Skip to main content

Find out about getting the right amount of vitamin D while staying at home.

First published:
22 April 2020
Last updated:

Introduction

Our body makes vitamin D from direct sunlight on our skin when we’re outdoors. During spring and summer most people get all the vitamin D they need. We also get vitamin D from eating a small range of foods, including oily fish – salmon, mackerel, herring and sardines – red meats and eggs.

We are currently advising people to stay at home. For most people, this will mean being indoors for much of the day and it could mean that people are not getting enough vitamin D from exposure to sunshine. 

Vitamin D helps to keep bones, teeth and muscles healthy. It also plays an important role in the immune system, which helps our body fight infection.

There have been some reports that vitamin D reduces the risk of coronavirus but there is no evidence for this at the present time.

Exposure to sun

As it can be difficult for people to get enough vitamin D from food alone, everyone should try and spend some time outside where it is safe to do so, for example, in the garden or during their once-a-day exercise.

Ideally, this should include 10 to 15 minutes of unprotected sun exposure. Once sunscreen is applied, the body no longer makes vitamin D.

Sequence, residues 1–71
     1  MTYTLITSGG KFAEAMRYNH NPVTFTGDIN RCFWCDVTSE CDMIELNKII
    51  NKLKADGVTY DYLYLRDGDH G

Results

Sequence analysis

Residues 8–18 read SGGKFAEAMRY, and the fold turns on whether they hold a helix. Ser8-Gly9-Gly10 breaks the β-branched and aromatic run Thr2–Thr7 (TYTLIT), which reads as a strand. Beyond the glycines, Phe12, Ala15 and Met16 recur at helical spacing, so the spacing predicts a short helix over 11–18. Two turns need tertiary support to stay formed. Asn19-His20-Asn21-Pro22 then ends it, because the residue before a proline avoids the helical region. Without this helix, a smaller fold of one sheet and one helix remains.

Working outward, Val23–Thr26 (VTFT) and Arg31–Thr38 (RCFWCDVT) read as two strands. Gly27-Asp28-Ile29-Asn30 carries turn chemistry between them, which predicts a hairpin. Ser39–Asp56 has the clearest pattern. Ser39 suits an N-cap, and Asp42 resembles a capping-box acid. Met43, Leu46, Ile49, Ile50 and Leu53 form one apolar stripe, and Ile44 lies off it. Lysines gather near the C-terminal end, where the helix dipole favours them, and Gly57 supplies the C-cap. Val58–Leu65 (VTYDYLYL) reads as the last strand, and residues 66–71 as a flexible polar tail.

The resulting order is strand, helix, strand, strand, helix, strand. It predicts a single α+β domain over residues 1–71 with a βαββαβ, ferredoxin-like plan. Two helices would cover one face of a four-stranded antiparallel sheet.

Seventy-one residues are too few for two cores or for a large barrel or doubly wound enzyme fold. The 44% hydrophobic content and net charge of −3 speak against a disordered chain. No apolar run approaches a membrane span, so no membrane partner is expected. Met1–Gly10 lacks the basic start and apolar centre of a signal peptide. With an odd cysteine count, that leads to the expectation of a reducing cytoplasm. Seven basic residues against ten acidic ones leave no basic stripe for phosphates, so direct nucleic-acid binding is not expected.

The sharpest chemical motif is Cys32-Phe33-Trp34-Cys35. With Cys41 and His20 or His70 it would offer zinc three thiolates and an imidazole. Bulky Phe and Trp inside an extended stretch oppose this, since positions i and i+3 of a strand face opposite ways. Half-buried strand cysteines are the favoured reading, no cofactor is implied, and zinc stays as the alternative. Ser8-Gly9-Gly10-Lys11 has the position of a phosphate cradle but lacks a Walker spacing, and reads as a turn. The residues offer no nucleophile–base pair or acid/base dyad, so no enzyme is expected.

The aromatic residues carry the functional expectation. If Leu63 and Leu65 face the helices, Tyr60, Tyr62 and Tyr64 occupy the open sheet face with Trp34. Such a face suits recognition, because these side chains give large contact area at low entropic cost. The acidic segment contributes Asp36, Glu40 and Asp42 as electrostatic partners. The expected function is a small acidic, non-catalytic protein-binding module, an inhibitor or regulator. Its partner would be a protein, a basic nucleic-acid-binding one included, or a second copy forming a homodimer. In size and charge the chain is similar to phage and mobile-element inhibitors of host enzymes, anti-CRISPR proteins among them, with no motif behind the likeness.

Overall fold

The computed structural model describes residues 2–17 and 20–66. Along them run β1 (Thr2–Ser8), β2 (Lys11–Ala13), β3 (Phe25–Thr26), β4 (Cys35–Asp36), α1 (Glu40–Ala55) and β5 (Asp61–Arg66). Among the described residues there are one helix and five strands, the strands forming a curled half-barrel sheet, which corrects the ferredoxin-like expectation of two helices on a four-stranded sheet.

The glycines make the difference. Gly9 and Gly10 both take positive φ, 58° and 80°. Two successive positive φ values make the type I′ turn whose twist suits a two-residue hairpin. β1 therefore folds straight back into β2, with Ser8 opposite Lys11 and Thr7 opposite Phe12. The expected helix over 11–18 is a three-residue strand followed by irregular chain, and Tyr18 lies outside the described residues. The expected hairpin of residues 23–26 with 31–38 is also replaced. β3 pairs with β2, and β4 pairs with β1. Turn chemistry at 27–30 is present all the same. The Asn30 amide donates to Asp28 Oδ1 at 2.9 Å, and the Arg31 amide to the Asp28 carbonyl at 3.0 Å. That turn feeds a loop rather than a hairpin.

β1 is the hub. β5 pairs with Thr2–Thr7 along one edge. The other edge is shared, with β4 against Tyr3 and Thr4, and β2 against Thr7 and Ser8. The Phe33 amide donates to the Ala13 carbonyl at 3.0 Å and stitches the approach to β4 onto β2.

You should remember that staying in the sun for prolonged periods, without the protection of sunscreen, increases the risk of skin cancer.

Vitamin D supplements

Healthy vitamin D levels are good for immunity and vitamin D supplements may protect against respiratory infections in general.

The risk of vitamin D deficiency is higher among certain groups, such as pregnant women, infants and young children and people who have darker skin, because their bodies are not able to make as much vitamin D.

We strongly recommend that people in the following groups take a daily supplement containing 10 micrograms of vitamin D.

  • Pregnant and breastfeeding women.
    • Healthy Start vitamins, which contain vitamin D, are available to pregnant women in Wales under eighteen or in receipt of certain benefits. Ask your midwife or health visitor for further information or find out more on the Healthystart website.
  • Infants and young children under five.
    • Breastfed babies from birth to one years old should be given a daily supplement containing 8.5 to 10 micrograms of vitamin D.
    • Children aged one to four years old should be given a daily supplement containing 10 micrograms of vitamin D.
    • Formula-fed babies should only be given a vitamin D supplement if they are having less than 500ml (about a pint) of infant formula a day, as infant formula is fortified with vitamin D.
    • Healthy Start vitamins, which contain vitamin D, are available free to children under four, in families in receipt of certain benefits. Find out more on the Healthystart website.
  • People who have darker skin, particularly people of African, South Asian or African-Caribbean origin.
  • Older people aged 65 and over.
  • People who are indoors all of the time and women who cover their skin when outside.

You can buy vitamin D supplements or vitamin drops containing vitamin D (for children under five) at most pharmacies and supermarkets.

Taking too much vitamin D can be harmful – please don’t buy or use more than you need.

Share this page